This page contains settings related to the Bass mapping function for the current part. The purpose of the bass function is to make it easy to find chord tones, particularly the root. In the bass function, the chord tones remain stationary on the input device, i.e. each note of the input diatonic scale has a fixed harmonic role. For example C is always the root of the current chord, G is always the fifth of the current chord, etc. The following table shows the mapping for two arbitrary chords.


The table above assumes the default setup, in which the output chord scale maps to the C major scale (i.e. the white keys) on the input device. Note that this is only the case when input transpose is zero or a multiple of twelve.

The bass function lets you effortlessly maintain a constant harmonic relationship to changing chords. For example, to play the roots of all the chords, simply play C throughout the entire song. To play a simple Latin bass line, just switch between C and G: this is equivalent to playing the root and the fifth of each chord. For swing, you may also want to use approach.

Unlike the Lead function, which transposes in position, the bass function transposes by shifting, and can therefore produce drastic pitch changes. For example if the chord changes from a C to a G, the bass note corresponding to any given input note leaps a fifth. The bass function doesn't necessarily preserve the input's shape, and consequently the lead function may be more useful for soloing.

Lowest note

This setting determines the lowest output note the bass function will generate. Output notes below this limit are shifted up as many octaves as needed to stay above the limit. This helps prevent the inadvertent playing of extremely low notes that might otherwise damage audio equipment.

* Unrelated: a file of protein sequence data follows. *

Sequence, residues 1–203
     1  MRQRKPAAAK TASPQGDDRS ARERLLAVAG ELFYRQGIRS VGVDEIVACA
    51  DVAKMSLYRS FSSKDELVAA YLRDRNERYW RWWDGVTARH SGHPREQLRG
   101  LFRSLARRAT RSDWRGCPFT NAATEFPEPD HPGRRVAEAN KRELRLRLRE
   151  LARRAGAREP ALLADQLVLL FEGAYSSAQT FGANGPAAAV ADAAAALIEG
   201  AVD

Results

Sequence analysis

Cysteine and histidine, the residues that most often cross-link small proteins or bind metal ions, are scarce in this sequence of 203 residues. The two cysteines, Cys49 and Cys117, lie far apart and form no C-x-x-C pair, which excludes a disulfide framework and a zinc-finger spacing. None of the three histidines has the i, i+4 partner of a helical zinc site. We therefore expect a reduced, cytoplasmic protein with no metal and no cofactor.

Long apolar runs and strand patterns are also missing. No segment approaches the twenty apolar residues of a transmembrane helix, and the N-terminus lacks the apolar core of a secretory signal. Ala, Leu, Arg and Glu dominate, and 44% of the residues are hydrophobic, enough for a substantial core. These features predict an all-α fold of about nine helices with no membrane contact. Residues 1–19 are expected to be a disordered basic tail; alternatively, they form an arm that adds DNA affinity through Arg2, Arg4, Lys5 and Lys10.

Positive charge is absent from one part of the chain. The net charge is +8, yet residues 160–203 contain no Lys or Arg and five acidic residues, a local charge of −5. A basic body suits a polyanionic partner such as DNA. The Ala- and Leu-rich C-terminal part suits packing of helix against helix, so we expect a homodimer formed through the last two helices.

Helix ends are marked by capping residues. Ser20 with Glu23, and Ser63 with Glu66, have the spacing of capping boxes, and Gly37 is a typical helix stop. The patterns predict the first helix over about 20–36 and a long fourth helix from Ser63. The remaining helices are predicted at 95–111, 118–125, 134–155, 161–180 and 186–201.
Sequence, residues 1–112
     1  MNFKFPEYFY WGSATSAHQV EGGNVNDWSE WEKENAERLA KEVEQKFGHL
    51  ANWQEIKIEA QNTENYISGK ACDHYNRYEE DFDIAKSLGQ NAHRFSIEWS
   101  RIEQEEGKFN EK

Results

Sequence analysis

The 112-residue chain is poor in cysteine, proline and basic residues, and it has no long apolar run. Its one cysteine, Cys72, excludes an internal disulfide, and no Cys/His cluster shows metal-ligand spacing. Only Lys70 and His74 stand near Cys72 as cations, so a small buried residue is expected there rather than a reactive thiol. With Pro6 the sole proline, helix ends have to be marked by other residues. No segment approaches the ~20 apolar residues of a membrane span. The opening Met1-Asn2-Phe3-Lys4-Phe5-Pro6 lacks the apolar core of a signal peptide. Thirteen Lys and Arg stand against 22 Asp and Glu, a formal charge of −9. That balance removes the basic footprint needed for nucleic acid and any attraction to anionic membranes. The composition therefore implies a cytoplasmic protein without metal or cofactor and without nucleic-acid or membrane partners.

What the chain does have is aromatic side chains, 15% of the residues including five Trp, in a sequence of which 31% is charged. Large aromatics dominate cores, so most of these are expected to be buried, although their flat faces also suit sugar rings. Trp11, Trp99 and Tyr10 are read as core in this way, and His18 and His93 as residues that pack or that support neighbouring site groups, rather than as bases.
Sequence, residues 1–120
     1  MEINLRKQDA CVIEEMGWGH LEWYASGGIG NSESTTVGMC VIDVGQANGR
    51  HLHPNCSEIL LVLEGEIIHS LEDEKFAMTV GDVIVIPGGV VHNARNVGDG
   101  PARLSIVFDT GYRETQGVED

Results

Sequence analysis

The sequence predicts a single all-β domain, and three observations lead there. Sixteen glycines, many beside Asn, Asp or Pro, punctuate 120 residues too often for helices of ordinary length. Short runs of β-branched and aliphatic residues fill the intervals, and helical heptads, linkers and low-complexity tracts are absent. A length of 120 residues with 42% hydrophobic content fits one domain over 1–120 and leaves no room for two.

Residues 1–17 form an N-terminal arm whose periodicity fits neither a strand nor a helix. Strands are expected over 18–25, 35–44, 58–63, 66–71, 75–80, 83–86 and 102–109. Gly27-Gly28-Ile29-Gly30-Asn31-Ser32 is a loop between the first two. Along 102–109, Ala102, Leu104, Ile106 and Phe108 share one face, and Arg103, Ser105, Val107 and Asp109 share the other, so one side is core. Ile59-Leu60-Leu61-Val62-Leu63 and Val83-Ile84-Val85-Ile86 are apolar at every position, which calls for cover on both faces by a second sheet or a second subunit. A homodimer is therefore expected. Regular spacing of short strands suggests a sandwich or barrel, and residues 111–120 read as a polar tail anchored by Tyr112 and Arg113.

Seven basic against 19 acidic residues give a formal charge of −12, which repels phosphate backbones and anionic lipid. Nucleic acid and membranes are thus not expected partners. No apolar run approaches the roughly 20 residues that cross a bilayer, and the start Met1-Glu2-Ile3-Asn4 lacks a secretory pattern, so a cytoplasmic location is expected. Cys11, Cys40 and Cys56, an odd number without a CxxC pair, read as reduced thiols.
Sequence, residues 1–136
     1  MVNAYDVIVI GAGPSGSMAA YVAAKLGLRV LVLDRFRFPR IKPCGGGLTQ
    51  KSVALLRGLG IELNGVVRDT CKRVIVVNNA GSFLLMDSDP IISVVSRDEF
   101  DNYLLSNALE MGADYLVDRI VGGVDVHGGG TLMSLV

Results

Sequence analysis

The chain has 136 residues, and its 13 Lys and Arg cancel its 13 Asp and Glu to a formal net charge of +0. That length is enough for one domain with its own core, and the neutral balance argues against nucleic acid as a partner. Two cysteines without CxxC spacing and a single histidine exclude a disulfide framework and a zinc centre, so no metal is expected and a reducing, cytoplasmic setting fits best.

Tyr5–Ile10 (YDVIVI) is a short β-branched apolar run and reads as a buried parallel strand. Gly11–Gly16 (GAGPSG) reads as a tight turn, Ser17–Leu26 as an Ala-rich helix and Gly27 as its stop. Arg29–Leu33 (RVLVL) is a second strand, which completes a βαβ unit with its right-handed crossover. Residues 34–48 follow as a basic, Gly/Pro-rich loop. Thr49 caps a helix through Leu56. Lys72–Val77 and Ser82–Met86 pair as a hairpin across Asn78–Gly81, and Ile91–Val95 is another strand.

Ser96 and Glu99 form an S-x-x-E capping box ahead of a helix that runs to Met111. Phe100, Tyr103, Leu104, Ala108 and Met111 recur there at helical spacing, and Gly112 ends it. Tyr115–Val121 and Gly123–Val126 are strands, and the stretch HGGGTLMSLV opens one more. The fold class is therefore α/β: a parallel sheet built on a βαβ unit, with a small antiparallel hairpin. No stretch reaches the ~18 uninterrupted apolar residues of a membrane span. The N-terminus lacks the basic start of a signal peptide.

The setting can be used to model actual bass instruments. The default value (E1) models a typical four-string bass. Other common values are D1, C1, or B0 for a typical five-string bass. These values assume middle C is C4 per the MIDI specification, and may need to be adjusted by one or more octaves for non-compliant instruments.

This setting also affects the transposition direction, i.e. for a given chord root, whether input notes are transposed up or down to produce the corresponding output notes. For example if the lowest note is an E, for chord roots C, Db, D, and Eb, the input is transposed up, whereas for all other roots, the input is transposed down.

Slash chords

This setting determines whether the bass function respects alternate bass notes appended to chord symbols. Chord symbols may be followed by a slash and a bass note, indicating that the bass should play a different note instead of the chord's root, e.g. Cmaj7/G indicates that the bass should play G instead of C. Such symbols are known as slash chords.

If this setting is enabled, slash chords are respected: the current chord scale is shifted so that C maps to the chord's bass note instead of its root. The bass note may not belong to the scale, in which case the bass note is substituted for the root, potentially resulting in a non-standard scale. If this setting is disabled, slash chords have no effect on the bass function.

Approach mode